Which reminds me now (sorry: twenty years brings on a case of the tangents) of when I first attended the Griffin Poetry Prize readings. I won tickets off CIUT, the U of T’s campus radio station. At the time, seats at the reading were going, I think, for a whopping $7.50 apiece, but into the Isabel Bader Theatre (was that where it was before Koerner Hall?) Mark and I strode, for nothing, in our jeans and our t-shirts, sitting in the dark at the back. That was the year Anne Simpson won, which I see makes it 2004. I recall the radio show asked a skill-testing question along the lines of “Can anyone even name one single poet nominated for the Griffin prize this year?” I loved Di Brandt, and she was nominated that year. So it was Di Brandt who got us into that theatre for free, Di Brandt who facilitated that life-affirming night.
Anyhoo, on to the second poster. (Already I’d be canned for my slowness.) I’ll be at the beautiful Eden Mills outdoor writers’ festival on the afternoon of September 11:
Eden Mills was the very first place I read that wasn’t an open mic: 2009, with Nancy Jo Cullen, Ayelet Tsabari. and Shannon Maguire, as part of a showcase of the MFA students of the still-quite-new Guelph-Humber program. I remember almost nothing about it now except general feelings of conviviality and joy.
Advance tickets are twenty-five bucks and change for the whole festival, and they run a free shuttle from Guelph if you’re carless, or want to be. In addition to reading with Madhur and Tyler and Katherine, I’ll be hosting a panel that will wander around the subject of the lyrical essay, with Joshua Whitehead, Gillian Sze, and Tanis MacDonald.
And the final poster:
The pandemic has made it so that I’m still brand new in this small city, though already I’ve lived here four years. So I’m excited to finally read in the place where I also sleep, with fellow McClelland & Stewart poet and Port Perry resident, Rob Winger. Blue Heron Books is going to sell our books, and the soon-to-open local shop Take Cover Books is going introduce itself too.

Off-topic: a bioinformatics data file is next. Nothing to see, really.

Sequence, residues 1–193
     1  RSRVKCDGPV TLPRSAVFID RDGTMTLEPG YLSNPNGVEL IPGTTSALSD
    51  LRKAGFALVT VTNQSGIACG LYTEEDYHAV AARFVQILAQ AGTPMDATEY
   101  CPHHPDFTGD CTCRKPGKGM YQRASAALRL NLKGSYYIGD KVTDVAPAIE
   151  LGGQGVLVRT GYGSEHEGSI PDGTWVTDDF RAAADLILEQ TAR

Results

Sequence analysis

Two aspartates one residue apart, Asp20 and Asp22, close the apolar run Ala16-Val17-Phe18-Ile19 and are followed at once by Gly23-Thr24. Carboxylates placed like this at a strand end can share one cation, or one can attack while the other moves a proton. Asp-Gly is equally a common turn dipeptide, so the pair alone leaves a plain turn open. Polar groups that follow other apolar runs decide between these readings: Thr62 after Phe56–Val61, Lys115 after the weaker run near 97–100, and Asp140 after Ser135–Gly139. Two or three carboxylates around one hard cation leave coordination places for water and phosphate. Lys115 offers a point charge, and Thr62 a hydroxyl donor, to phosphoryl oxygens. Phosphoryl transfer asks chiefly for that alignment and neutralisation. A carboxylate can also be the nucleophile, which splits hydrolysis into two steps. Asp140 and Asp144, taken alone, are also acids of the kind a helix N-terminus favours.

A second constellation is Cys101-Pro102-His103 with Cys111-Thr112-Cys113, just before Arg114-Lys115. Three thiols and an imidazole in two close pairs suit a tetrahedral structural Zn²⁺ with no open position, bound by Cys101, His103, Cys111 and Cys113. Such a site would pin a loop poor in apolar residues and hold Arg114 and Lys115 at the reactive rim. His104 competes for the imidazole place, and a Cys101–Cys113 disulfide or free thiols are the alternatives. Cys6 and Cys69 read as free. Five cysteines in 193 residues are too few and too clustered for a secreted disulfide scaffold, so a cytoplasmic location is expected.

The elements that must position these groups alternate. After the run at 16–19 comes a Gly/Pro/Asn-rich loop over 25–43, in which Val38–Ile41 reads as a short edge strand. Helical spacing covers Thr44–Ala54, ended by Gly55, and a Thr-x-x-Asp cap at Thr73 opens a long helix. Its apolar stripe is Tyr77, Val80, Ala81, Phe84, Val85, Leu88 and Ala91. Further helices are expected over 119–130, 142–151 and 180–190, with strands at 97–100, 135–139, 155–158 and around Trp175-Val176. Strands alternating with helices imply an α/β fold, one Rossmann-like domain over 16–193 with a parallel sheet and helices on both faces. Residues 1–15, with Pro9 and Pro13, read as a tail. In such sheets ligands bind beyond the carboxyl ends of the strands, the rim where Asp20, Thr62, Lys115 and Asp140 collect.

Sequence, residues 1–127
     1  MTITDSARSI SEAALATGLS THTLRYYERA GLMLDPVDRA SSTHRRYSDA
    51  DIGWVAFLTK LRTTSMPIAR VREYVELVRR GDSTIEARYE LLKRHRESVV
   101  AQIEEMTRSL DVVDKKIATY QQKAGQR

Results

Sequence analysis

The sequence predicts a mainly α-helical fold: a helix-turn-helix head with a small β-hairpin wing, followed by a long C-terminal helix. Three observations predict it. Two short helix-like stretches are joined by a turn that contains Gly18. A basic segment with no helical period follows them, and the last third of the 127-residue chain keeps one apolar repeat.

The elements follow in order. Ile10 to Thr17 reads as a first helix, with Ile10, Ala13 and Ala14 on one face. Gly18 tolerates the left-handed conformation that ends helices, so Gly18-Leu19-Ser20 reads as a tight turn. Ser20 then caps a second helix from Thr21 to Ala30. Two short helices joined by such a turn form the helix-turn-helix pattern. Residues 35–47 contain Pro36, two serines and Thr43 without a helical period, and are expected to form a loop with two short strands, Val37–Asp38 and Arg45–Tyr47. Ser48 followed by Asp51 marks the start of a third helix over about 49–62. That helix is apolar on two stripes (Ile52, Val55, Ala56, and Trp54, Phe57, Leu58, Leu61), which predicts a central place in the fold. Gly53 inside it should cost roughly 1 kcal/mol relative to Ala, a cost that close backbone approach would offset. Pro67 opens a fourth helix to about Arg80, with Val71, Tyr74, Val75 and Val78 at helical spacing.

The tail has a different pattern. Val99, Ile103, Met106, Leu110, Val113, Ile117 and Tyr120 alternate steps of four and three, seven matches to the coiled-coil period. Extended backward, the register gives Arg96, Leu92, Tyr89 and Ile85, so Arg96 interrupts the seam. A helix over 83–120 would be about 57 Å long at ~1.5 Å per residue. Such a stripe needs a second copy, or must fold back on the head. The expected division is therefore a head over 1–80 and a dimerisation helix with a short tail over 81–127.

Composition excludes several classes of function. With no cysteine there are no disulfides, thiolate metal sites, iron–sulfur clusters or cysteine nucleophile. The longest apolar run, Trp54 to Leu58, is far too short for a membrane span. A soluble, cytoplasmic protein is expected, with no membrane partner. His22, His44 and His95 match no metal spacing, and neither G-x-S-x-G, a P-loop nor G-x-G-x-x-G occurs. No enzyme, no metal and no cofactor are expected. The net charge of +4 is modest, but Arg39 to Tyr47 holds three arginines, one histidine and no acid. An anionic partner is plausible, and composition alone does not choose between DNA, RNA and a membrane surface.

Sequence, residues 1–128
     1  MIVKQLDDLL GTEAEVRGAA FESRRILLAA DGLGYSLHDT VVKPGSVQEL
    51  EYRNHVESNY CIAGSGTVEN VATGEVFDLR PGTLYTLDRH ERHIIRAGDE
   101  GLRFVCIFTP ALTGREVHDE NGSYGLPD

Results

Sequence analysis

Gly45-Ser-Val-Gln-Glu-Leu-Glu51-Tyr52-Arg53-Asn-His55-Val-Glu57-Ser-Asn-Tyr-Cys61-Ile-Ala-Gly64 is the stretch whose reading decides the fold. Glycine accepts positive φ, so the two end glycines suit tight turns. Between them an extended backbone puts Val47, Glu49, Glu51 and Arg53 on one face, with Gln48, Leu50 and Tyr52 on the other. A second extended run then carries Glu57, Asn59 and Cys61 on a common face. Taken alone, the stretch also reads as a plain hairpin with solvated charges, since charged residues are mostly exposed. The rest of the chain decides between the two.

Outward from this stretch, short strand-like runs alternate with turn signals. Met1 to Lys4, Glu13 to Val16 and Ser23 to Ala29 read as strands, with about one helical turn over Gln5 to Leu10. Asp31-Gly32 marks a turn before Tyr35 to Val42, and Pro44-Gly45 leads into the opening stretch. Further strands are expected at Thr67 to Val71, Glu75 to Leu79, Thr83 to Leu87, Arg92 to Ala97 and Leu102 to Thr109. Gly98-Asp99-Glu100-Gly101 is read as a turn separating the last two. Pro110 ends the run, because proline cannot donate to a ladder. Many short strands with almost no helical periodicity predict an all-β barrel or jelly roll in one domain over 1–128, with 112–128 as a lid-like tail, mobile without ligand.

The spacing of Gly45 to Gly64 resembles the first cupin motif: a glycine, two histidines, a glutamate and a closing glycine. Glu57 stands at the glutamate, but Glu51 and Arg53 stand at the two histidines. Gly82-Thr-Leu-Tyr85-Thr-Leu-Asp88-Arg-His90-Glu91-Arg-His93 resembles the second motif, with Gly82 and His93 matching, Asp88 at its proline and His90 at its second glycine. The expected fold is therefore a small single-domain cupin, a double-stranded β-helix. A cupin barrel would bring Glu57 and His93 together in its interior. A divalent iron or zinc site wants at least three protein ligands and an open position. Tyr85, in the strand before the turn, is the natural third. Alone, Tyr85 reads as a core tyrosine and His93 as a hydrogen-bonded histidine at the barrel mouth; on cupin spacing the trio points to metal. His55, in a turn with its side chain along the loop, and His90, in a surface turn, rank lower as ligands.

The first of the above shindigs takes place in a big, big room, the second outdoors, and the third part-way outdoors, a roof and only two walls. Recordings of the first event will be available after the fact on the library’s YouTube channel and likely also as a Brick podcast. The second two are only occurring in the actual world, though there might be snippets recorded and pasted up here or there. At all three, you can buy the writers’ books and have them signed, and you can commiserate with other writerly, readerly types, try being again for a while in the same place together. This is of course not without risk, as it has ever been. I moved to the city just before SARS did. I’ll be taking all precautions, and I hope you will too.
This week I’ve been thinking about how much I needed that togetherness as a beginner writer in my twenties, needed to be out and seeing and hearing things, being simply near others doing the thing I wanted to do. And how vital that was in helping me turn from that nearness to get down to work.